Disability charities criticise government delay on sleep-in shift pay decision

29 Sep 2017 News

Derek Lewis, chairman of Mencap

Learning disability charities have expressed disappointment after the government announced that it will delay its decision on how to manage an estimated £400m back-pay bill for the sector.

HMRC suspended its enforcement of demands for learning disability charities to back-pay overnight workers the national minimum wage in July while the government has held talks with the sector on whether to continue demanding payment.

This pause in enforcement was due to finish on 2 October but the government yesterday announced it would extend this for another month as talks continue.

Its statement reads: “Today’s announcement will allow the government to establish how providers’ back pay bills will affect vulnerable people’s care. The evidence base will also ensure any intervention is proportionate and necessary and could be required to satisfy EU State aid rules on government funding for private organisations.

“During this temporary pause, the government will develop a new enforcement scheme for the sector to encourage and support social care providers to identify back pay owed to their staff. This will help to minimise the impact of future minimum wage enforcement in the sector while seeking to ensure workers receive the arrears they are owed.”

'Deeply disappointing'

In response to the announcement, learning disability charities expressed disappointment that an agreement had not been reached by the initial deadline.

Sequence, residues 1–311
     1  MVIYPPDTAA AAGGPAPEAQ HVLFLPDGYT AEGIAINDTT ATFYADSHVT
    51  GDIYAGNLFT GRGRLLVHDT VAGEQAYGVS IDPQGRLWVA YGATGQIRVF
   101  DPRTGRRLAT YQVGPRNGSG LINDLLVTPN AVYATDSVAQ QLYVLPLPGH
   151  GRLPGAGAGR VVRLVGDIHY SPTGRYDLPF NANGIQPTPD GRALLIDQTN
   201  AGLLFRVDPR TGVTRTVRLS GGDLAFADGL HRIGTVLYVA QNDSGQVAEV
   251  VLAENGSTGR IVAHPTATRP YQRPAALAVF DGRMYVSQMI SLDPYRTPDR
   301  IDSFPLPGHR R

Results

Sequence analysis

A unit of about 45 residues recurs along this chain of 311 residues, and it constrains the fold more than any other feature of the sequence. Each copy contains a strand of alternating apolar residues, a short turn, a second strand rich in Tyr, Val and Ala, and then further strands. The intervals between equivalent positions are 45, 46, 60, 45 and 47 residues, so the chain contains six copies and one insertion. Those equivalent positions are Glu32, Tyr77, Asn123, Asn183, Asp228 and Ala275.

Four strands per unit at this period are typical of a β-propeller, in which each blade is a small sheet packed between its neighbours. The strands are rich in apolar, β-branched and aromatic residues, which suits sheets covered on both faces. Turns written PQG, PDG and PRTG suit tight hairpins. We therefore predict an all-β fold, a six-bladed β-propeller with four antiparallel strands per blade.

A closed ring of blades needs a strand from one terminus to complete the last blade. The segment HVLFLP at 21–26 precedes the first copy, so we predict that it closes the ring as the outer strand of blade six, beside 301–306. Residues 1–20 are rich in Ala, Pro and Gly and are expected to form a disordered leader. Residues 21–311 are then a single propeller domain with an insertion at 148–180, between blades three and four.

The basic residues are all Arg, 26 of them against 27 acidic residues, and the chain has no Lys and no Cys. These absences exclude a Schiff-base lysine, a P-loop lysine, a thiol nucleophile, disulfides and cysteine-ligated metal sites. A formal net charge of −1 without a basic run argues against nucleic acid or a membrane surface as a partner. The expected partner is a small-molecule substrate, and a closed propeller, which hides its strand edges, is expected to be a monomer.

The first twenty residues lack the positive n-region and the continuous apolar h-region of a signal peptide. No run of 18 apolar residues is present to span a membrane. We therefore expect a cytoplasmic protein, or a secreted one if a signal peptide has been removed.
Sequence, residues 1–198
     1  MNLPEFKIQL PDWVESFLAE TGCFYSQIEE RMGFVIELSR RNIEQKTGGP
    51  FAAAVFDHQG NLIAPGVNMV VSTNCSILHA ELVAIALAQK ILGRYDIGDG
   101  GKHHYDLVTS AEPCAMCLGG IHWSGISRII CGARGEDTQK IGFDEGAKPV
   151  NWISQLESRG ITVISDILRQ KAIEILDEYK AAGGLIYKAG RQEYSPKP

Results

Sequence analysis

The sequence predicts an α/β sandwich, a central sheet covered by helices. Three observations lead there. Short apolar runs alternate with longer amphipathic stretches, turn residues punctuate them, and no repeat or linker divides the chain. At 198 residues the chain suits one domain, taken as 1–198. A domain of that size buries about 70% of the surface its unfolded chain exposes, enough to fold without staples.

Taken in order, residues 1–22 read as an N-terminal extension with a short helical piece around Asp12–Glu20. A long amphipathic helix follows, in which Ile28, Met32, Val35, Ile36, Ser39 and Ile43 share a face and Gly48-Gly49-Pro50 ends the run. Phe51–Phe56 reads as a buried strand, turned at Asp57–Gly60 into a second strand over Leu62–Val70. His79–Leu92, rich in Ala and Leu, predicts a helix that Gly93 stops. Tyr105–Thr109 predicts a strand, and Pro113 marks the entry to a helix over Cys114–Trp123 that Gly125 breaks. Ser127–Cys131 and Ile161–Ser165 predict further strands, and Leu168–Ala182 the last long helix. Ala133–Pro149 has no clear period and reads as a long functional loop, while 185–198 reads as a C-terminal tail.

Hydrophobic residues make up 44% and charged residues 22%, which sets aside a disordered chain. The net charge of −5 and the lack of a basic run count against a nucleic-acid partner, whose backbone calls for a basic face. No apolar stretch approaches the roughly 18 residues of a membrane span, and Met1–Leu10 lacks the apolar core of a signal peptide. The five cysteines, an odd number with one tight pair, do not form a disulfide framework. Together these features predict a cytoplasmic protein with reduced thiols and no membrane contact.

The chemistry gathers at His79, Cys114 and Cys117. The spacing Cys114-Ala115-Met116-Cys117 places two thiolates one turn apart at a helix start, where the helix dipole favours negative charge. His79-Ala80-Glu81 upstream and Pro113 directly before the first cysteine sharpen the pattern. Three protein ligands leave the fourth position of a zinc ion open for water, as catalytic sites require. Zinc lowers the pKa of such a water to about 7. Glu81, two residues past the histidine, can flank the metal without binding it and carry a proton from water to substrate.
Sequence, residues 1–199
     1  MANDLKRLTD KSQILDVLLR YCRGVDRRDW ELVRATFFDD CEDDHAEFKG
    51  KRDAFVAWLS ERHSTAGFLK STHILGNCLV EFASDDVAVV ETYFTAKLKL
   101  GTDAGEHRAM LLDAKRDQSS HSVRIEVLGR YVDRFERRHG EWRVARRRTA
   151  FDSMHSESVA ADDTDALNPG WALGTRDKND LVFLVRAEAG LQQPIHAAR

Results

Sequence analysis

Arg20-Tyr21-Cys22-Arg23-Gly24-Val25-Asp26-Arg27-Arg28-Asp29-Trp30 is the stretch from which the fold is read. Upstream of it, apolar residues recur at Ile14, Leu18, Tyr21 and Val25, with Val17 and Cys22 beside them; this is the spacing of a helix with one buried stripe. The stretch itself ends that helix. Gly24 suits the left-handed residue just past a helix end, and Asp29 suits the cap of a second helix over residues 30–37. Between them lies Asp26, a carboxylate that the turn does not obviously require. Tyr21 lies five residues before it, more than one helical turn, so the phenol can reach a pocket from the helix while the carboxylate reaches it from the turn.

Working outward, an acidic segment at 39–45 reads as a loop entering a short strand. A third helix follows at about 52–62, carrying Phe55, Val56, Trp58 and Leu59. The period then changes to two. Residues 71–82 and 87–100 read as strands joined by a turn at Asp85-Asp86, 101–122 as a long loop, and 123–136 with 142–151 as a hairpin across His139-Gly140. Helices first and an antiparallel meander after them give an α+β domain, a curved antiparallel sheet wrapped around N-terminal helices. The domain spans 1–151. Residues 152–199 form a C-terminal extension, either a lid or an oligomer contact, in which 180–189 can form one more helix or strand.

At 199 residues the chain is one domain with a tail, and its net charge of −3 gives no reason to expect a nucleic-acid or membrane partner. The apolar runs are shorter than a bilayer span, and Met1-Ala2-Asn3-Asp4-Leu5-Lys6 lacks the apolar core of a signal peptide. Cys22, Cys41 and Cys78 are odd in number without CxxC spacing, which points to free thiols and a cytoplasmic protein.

Royal Mencap Society chairman Derek Lewis said: “It is deeply disappointing that, after many months of review and consideration, the government is still not able to announce any decision on the provision of support for care providers faced with a £400m back pay liability as a result of changes in government guidance on payments for sleep-ins.

“The further delay will mean that people with a learning disability, their families and carers are subjected to yet more uncertainty and anxiety, while providers will be forced to delay essential investment, and local authorities will struggle to persuade providers to take on new contracts.”

The Voluntary Organisations Disability Group chair Steve Scown said: “The decision to pause is worrying as for each month that goes by providers are continuing to work with a potential unknown back pay bill with no clear indication about future funding arrangements.”

“We call on government to step up the pace. We need a common sense pragmatic solution that enables colleagues to be paid their dues without employers being made bankrupt.”

The bill stems from a government decision to change payment terms for care workers who slept at the houses of clients. The rules now say that "sleep-in" workers are due minimum wage for the whole time they are at their place of work, even if asleep.

While this may create problems for charities in the future, the more immediate issue is the threat of workers claiming six-years' worth of back-pay on the new terms.

These penalties were estimated by Cordis Bright to be worth up to £400m and charities such as Mencap have warned that this could cause closure of hundreds of care homes and redundancy for thousands of workers.

But the Department of Health has commissioned Deloitte to undergo its own assessment of the estimated impact of HMRC’s demands on the sector.


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